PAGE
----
Chris Peterson wrote: ↑
Sat Apr 17, 2021 4:36 am
This certainly demonstrates why telescopes operating in the IR are so useful. So much more information here than we can get in visible bands alone.
Indeed. IR can provide us with "a deeper look" that optical images can ever achieve.
Speaking of the devil, though. I recently posted a smaller version of today's APOD
in a discussion thread, and I'm sure you can guess which one: http://asterisk.apod.com/viewtopic.php?p=312401#p312401
I have been looking at a lot of optical Flame Nebula and Horsehead Nebula region images, and I can this: The color of the Flame Nebula varies in these images. In a few of them, the Flame nebula is almost lemon yellow, while in others, it is as red as the background of the Horsehead Nebula. In most of them, however, the Flame Nebula is
yellower than the background of the Horsehead Nebula.
I think there are interesting similarities between the Flame Nebula and the starforming region inside the well-known "Cone Nebula and Christmas Tree Cluster", or NGC 2264 . The similarity is that there is an embedded region of star formation in NGC 2264 too, which can only be seen in infrared light. This region of star formation in NGC 2264 has been named after the distinctive shape of the newborn cluster inside, the Snowflake Cluster (after the stars radiating out from the center like a snowflake).
Infrared image of NGC 2264 with young
infrared "Snowflake Cluster" at center. Photo: Spitzer.
Optical image of NGC 2264. The position of the Snowflake Cluster
is visible as a yellowish smudge at left. Photo: Bach Zoltan.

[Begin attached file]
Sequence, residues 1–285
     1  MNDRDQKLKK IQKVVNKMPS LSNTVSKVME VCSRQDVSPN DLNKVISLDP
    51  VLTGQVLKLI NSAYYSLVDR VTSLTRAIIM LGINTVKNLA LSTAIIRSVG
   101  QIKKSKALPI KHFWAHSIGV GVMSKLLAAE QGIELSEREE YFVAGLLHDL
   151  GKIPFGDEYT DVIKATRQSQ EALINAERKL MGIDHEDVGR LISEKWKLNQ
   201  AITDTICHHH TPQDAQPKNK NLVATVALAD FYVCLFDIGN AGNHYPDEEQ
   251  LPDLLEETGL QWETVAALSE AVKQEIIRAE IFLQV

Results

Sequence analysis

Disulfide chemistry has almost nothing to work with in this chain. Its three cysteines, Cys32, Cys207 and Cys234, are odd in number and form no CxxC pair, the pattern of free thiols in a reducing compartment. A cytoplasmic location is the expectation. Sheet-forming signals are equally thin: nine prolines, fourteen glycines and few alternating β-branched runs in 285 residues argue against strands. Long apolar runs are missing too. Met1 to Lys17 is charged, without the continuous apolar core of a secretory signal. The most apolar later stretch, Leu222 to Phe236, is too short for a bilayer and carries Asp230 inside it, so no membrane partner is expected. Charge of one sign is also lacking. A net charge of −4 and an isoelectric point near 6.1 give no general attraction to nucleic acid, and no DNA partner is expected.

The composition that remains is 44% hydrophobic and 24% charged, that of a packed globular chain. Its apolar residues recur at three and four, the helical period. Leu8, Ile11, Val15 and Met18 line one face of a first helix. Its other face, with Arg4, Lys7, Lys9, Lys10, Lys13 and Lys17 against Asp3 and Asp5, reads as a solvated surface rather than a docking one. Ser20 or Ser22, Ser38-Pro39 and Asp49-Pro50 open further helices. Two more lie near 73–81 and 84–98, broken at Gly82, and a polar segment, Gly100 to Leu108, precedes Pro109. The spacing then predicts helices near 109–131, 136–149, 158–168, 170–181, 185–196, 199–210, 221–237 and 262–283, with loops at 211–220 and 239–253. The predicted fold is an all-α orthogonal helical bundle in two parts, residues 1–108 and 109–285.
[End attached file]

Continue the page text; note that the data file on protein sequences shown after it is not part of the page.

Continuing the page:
Let's begin by looking at the Flame Nebula and the Snowflake Cluster in infrared light.
As you can see, the Flame Nebula looks a lot more "energetic" than the region immediately surrounding the Snowflake Cluster. There seems to be a mighty outflow from the center of the Flame Nebula, which gives the Flame Nebula a bit of a butterfly (or bug) shape. Please note that the outflow in the Flame Nebula seems to be originating from the center of the nebula where the youngest star formation has been taking place. In other words, it looks to me as if most of the infrared energy of the nebula comes from within (the embedded cluster), not from without (hot star Alnitak).
When it comes to the Snowflake Cluster region, there are fewer signs of the background nebulosity being strongly disturbed by the presence of the cluster. Yes, there is a lot of infrared energy in NGC 2264, but not so much around the Snowflake Cluster itself. Yes, we can see what looks like two ridges below the Snowflake Cluster that may have been violently "forced apart" by stellar winds and jets from the cluster. But there are no signs of the mighty outflow of energy that we can see in the Flame Nebula.
Now let's look at the optical images of the Flame Nebula and NGC 2264. The Flame Nebula is yellow, or at least more yellow than the red background of the Horsehead Nebula. If you look at the optical image of NGC 2264 by Bach Zoltan, you can spot some yellowish flecks whose location correspond to the Snowflake cluster (and a few other infrared-bright spots).
So, in short: The embedded star formation in NGC 2264 creates yellowish flecks in an optical image. That's because the mostly blue-white light from newly formed young stars gets reddened to a deep yellow hue by the time it penetrates its dusty cocoon.
I think the same thing is happening in the Flame Nebula. The very young stars inside the Flame Nebula produce a lot of blue-white light, but only the yellow, orange and red light can penetrate the dust.
At the same time, both the Flame Nebula and the Snowflake Cluster region in NGC 2264 are (more or less strongly) affected by bright ultraviolet light from an O-type star: Alnitak when it comes to the Flame Nebula, and 15 Mon when it comes to the Snowflake Cluster. There is definitely hydrogen alpha light in these nebulas.
The combination of hydrogen alpha light due to irradiation by a nearby hot star, and visible and ultraviolet but highly dust-reddened light from within, creates the yellowish color of both the Flame Nebula and the Snow Flake cluster region in NGC 2264.
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